Me, Learning Ethics: Capital Punishment

I imagine that my position on this subject is influenced by the fact that I believe everyone deserves a handful of chances to right any wrong, but some wrongs are just that wrong that complete elimination is preferable. Some people are capable of being thoroughly evil—the kind that goes beyond the grey area that I [...]


Me, Learning Psychology: Classical Conditioning

Classical conditioning is, basically, the act of being trained. This isn't just for house pets. Almost every person is a participant—one could even say victim. There are countless examples of social conditioning, which is the sociological version of classical conditioning. Realistically, there is no way to avoid it because it happens naturally when living in [...]

Me, Learning Ethics: Abortion

This was actually a difficult subject to read about, especially when the arguments in favor were longer. I remember consuming some Jägermeister in order to get through those paragraphs. You see, it is difficult for me to consider humans and people to be different. Some of the information was frigid, as well. Fortunately, no one was [...]

Me, Learning Ethics: Kantian Ethics and Deontology

I had to compare Kantian Ethics to other theories. It seems that it is regularly compared to Utilitarianism. Without reading much of the details, I thought I would prefer Kant's view, but I did change my mind later on. I would say that Utilitarians are somewhat wrong in considering pleasure and consequences to be the [...]

Me, Learning Ethics: Starvation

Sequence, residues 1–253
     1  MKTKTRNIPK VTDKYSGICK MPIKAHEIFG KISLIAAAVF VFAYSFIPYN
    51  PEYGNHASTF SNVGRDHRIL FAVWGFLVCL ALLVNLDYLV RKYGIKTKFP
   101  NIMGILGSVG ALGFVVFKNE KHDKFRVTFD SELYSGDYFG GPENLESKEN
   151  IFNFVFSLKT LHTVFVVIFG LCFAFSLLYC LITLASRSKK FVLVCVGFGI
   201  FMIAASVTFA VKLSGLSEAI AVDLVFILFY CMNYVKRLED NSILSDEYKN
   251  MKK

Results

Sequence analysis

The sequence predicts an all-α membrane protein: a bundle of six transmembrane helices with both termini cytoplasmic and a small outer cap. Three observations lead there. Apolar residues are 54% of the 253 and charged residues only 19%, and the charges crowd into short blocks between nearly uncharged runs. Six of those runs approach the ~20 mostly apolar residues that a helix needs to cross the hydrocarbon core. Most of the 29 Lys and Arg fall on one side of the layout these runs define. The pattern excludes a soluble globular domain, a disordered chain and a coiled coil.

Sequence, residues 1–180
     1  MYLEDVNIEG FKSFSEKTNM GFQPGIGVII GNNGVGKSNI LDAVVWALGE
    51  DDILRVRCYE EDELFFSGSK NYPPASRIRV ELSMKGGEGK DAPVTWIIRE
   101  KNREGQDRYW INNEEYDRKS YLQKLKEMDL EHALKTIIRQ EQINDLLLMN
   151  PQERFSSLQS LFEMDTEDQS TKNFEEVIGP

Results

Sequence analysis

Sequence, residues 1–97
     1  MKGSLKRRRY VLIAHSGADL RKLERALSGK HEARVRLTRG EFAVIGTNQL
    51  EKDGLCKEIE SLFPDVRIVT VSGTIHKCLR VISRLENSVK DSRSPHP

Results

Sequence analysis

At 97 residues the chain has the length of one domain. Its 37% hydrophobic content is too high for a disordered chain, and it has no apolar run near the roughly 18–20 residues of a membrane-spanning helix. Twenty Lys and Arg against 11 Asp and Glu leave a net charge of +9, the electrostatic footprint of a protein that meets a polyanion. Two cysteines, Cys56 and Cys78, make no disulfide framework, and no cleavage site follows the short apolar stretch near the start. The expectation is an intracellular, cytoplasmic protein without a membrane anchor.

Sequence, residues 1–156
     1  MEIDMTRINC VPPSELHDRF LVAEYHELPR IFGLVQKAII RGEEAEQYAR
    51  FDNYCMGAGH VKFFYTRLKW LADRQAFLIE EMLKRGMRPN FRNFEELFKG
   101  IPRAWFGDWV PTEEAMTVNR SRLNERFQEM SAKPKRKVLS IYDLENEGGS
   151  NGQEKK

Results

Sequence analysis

I find this a fitting subject, considering the fact that I did just happen to gorge myself this whole weekend. The fresh scent of gluttony lingers upon me. I do think it should be a moral obligation to help those who are starving or less fortunate in any way. It seems like Peter Singer has [...]

Me, Learning Ethics: Animal Rights

As far as I know, animal rights were not a popular topic until the middle of the last century. Nowadays, it seems like everyone is a vegetarian or vegan (realistically the percentages are less than 10% for most countries--it varies, and it depends on the source of the statistics). What is obvious to me is [...]

Me, Learning Ethics: Utilitarianism

I was very wrong about Utilitarianism, or I just happened to hear a different definition of it in the past. Originally, I thought it only related to usefulness—I mean utility is part of the word. Every time it was mentioned, I would clearly imagine the Industrial Revolution in either England or the United States. I [...]

Me, Learning Psychology: Meditation and Hypnosis

There is a difference between meditation and hypnosis, but they can both be therapeutic. The difference is mainly that meditation can be done alone, but hypnosis requires a therapist. Meditation seems to only have positive effects. It is utilized by various types of people, including the religious, spiritual, and irreligious. Some of the benefits are [...]

Me, Learning Ethics: Ethical Egoism

Are we born selfish, or is it best to be selfish? That's one interesting question to figure out. Psychological Egoism and Ethical Egoism explain why a person thinks of his own welfare before that of others. Both theories are very similar, except that Psychological Egoism determines that it is human nature to be self-interested, while [...]